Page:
O would some power the giftie gie us to see ourselves as others see us.
I’m a sucker for earrings that dangle.
I’m not talking diamonds here. I mean the ones made with beads and wire that crafters craftier than I am make and sell at shows and bazaars. They are usually pretty inexpensive, so if I lose one from a pair, I don’t get too worked up. Through the years, I’ve acquired quite a collection of these little beaded lovelies. I keep them in a box on my dresser and enjoy choosing a pair to match whatever it is I’m wearing that day. It’s kind of my thing, actually. To match, I mean. At least it was until a month ago.
Have you ever had one of those Lord-have-mercy moments when you realize that you’ve been walking around all day looking goofy? When you are sure, beyond all doubt, that every stranger you’ve met that day has walked away from you muttering, “what in the world is HER deal?” A humbling moment when you give yourself a mental slap upside the head or a good shaking and tell yourself to get it together?
I have. Last month on a day that included trips to Target, Walmart, and a hair salon with my son who, even in adulthood, has this maddening habit of going completely mute as soon as he sits down in a stylist’s chair. He believes that stylists, like mothers, read minds. But that’s a story for a different day.Suffice it to say that I was having a bad hair day of my own and as such, should have kept my opinions about how to cut his hair to myself.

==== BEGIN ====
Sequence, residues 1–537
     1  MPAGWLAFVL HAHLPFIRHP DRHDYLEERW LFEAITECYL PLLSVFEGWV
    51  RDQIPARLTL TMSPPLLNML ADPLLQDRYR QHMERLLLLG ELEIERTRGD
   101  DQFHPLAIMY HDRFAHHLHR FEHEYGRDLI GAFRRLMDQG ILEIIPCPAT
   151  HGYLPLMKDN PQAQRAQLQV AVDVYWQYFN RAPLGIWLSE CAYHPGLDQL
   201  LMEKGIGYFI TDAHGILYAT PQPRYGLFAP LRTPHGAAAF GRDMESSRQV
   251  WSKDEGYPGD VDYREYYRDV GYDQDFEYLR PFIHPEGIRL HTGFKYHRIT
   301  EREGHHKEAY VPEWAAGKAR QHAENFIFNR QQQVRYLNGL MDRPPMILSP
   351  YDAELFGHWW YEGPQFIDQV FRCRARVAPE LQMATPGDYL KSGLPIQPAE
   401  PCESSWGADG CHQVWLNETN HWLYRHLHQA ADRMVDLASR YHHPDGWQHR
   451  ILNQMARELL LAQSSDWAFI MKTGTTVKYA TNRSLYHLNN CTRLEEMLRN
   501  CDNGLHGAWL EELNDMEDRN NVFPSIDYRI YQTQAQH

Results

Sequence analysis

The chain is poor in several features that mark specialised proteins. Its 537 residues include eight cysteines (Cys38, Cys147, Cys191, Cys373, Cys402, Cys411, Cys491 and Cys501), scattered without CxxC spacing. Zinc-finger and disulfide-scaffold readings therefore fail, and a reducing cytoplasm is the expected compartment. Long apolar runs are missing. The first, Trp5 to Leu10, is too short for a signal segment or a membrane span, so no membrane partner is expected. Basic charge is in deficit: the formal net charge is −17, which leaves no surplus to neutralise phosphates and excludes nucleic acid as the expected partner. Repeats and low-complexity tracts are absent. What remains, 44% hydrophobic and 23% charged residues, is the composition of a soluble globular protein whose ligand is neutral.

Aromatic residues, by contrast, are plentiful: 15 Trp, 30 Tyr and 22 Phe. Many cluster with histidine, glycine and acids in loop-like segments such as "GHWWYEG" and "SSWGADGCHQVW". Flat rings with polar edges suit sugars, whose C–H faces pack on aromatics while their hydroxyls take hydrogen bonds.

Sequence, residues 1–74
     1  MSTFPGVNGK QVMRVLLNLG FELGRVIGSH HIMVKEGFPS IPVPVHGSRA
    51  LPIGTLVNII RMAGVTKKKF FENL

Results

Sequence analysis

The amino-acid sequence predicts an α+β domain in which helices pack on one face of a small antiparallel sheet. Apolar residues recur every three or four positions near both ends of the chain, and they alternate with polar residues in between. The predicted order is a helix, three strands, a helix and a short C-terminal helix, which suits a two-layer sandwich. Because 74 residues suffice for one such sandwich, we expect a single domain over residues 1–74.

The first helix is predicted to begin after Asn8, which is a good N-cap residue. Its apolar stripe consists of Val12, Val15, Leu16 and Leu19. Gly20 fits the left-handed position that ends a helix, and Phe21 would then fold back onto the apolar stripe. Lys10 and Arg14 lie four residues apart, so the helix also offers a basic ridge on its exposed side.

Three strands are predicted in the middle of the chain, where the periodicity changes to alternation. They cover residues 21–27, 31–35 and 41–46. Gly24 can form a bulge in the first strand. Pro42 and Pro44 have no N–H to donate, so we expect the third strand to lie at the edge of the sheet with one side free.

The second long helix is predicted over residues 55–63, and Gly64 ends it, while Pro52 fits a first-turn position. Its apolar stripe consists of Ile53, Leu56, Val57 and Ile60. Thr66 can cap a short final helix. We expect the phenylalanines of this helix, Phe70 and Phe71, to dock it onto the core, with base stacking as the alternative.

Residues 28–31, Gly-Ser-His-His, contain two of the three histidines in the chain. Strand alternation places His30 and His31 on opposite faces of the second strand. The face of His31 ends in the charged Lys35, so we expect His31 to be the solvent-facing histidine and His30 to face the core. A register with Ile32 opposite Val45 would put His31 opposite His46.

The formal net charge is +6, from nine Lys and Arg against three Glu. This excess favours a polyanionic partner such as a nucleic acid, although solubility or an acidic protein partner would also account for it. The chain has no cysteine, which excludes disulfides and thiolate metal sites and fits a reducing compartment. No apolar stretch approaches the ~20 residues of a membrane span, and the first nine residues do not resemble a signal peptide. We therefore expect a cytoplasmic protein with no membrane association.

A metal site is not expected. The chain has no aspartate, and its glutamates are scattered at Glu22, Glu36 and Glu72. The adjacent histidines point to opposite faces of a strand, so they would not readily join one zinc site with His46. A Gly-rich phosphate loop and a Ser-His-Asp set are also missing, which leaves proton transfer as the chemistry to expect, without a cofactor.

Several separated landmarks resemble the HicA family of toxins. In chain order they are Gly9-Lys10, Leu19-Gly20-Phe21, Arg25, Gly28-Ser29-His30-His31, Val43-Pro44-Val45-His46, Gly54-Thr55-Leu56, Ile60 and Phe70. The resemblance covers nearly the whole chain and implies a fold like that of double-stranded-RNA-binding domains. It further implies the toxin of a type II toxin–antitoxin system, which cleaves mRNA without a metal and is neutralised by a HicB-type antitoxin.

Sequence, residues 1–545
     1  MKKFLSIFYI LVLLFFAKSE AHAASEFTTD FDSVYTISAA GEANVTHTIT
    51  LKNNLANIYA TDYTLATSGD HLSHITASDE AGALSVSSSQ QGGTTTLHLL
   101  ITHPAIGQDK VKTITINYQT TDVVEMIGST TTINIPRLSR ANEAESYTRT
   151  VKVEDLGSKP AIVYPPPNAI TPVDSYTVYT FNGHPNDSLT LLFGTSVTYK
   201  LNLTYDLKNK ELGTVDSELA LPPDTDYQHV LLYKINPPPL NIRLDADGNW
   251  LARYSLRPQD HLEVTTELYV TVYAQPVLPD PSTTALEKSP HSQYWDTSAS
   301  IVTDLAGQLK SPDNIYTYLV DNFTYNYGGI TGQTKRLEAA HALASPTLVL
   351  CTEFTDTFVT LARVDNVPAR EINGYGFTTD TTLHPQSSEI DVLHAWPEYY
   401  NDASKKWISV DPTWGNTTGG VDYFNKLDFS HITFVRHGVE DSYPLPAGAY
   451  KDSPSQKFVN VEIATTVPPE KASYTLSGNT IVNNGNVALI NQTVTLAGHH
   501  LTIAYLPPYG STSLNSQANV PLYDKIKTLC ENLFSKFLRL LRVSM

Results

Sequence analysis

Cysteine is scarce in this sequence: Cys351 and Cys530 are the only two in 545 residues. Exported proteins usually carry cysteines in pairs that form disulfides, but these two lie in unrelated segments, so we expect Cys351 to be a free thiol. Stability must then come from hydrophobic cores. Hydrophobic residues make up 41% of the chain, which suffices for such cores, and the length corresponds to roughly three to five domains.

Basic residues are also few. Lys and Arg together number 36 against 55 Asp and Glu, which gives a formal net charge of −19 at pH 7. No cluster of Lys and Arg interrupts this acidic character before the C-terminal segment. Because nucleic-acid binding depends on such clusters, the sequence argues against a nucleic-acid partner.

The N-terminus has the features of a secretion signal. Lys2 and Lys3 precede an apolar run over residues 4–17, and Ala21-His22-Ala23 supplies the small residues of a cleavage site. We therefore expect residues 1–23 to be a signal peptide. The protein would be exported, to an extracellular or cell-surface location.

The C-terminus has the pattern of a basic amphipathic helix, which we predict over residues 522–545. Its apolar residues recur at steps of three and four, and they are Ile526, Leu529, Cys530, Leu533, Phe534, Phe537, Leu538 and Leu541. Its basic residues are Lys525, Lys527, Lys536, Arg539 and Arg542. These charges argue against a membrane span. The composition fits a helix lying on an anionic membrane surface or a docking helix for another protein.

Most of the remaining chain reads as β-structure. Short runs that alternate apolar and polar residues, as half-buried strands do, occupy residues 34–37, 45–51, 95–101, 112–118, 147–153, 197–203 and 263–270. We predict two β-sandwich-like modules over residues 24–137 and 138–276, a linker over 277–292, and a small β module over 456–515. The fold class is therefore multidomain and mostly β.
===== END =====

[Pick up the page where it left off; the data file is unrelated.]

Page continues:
It was a day like many of my days. Get up. Get dressed. Run an errand. Pay a bill. Boss someone. All the while feeling fairly okay with the state of my general appearance and ability to keep it together. At this age, that’s the best I can hope for.
At bedtime, as I took off my earrings, I realized that in my haste to choose a pair that morning, I’d grabbed two that were not from the same set or even color family. That’s right. The very same woman who’d bossed a perfectly nice hairstylist just hours before. The customer buying undershirts and making polite conversation with a cashier who, come to think of it, seemed mesmerized by that customer’s earlobes. The mom with the grown son who never noticed that his mother’s ears were making two different fashion statements. Because, why would he? He is obviously still under the impression that his mother has her you-know-what together.
This is how it starts. First, it is mismatched earrings. Then, one day you’re wearing your sweater inside out. After that, it’s one blue shoe and one black one or a wig on backwards. Before you know it, you’re careening down the fashion slope at warp speed with nothing and nobody to break your fall.
The moral of the story for women of a certain age? Look in the mirror. Double check. But if you forget, I promise that if I see something, I’ll say something. Promise you’ll do the same for me.
Solidarity, Sisters. Solidarity. It’s all we have.